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Pakistan Stressed


After the fall of Afghanistan, it was hoped that Pakistan would be the bulwark against the spread of Islamic fundamentalism. Prime Minister Imran Khan’s emphasis on the principles of ‘Riyasat-e-Medina’ was thought to be an attempt to interpret the principles of Islam in the modern context. In practice, however, there has been a vast gap in what he seems to believe and what he has implemented on the ground. He would have the Pakistanis think that China and the western world have developed by practicing the teachings of Prophet Mohammed. He would have Pakistan do the same under his leadership.

Every nation has its political ‘Pappus’ and clearly, despite his repeated references to how Pakistan won the Cricket World Cup under his captaincy, the people are realising he cannot walk the talk. Pakistan traditionally had adeptly maintained a balance between long time patron, the United States, and ‘all-weather friend’ China, as a counter to existential adversary India. Khan has managed to alienate the US and is not exactly in sync with China’s international strategy. This has created, among other things, a major economic crisis that rivals that of Sri Lanka.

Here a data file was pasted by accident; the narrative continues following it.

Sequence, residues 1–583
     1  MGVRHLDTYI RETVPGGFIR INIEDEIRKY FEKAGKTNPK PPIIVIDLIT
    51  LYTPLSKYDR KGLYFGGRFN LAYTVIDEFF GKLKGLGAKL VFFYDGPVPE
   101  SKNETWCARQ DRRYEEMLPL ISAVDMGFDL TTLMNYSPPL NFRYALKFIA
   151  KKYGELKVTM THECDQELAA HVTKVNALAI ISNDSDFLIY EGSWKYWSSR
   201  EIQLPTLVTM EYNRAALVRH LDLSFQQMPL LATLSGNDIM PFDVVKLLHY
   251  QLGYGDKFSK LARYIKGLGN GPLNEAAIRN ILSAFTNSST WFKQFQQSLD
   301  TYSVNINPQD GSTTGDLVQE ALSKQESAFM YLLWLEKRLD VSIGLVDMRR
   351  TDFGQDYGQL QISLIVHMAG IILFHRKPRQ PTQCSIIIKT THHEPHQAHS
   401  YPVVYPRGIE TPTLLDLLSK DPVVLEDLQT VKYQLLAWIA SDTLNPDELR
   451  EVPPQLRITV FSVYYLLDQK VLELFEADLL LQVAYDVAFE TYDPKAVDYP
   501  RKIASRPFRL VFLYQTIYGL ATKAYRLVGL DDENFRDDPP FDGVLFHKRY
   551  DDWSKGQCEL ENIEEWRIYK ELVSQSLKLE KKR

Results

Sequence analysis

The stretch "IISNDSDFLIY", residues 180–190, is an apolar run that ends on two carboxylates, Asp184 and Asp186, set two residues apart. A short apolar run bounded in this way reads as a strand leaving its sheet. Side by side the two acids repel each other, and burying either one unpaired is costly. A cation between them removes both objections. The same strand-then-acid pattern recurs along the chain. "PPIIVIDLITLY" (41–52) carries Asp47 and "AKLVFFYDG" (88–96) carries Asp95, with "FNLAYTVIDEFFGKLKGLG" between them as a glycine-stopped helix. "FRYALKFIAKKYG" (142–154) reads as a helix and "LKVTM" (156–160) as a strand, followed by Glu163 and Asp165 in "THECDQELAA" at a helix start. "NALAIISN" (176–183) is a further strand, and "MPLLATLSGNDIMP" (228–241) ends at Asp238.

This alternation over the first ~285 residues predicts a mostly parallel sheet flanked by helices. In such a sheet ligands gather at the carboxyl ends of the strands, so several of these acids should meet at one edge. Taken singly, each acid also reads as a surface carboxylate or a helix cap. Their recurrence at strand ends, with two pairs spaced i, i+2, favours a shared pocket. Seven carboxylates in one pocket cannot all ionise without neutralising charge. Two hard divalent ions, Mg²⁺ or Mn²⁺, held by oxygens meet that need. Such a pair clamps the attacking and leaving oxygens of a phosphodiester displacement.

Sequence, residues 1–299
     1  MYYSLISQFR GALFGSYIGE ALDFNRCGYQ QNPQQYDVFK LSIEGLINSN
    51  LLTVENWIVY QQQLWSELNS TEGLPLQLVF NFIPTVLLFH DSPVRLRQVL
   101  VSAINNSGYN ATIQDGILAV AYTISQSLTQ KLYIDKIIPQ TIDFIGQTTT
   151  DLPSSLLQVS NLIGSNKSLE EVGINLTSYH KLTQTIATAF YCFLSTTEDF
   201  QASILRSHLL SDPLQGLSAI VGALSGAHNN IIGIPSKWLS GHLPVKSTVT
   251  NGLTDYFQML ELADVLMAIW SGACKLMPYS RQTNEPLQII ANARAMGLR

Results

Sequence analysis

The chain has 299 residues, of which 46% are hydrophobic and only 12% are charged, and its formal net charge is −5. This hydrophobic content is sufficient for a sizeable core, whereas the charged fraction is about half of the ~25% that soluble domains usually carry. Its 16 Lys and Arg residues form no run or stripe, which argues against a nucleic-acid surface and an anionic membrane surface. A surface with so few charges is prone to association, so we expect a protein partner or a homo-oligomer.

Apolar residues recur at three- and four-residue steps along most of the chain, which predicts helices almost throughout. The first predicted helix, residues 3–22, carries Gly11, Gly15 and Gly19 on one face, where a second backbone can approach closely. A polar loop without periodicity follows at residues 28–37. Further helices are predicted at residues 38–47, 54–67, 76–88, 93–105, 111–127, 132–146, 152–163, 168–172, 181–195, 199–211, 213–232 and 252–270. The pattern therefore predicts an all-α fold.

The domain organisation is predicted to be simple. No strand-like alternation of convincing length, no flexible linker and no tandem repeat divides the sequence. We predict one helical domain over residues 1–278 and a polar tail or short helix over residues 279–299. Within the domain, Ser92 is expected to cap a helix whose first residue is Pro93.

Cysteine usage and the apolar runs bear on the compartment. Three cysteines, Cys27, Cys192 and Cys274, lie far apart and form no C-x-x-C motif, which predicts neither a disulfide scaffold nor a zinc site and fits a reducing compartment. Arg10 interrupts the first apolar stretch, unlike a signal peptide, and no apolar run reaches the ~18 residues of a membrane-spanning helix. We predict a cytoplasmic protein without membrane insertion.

It is believed that the Army has washed its hands off him, even as almost the entire political establishment has come together to bring him down. He made a largely emotional appeal before his supporters during a public rally on Sunday, pressing every button from the ‘Riyasat’ to Muslim pride, but did not deliver what he had promised to do – some kind of brilliant counter-strike to the no-confidence motion awaiting his government in the National Assembly.

So, would his departure be good for India? Will Pakistan’s democracy survive the ongoing turmoil? Will it be possible to rescue the economy from its present decline? Are traditional funders like the Saudis willing to undertake yet another rescue? Can the opposition stay united enough to take up the reins? Or, are fresh elections in the offing? Should Khan survive the no-confidence motion, will he become stronger or mostly ineffective? Will the nuclear arsenal remain safe? His predecessor, Nawaz Sharif, worked to build good relations with India but was sabotaged by the Army and the terror groups. Has Khan’s co-opting of these two forces with his brand of fundamentalism lessened the friction between the two countries? There is much at stake and, as has been seen in Ukraine, even the smallest miscalculation can have serious consequences.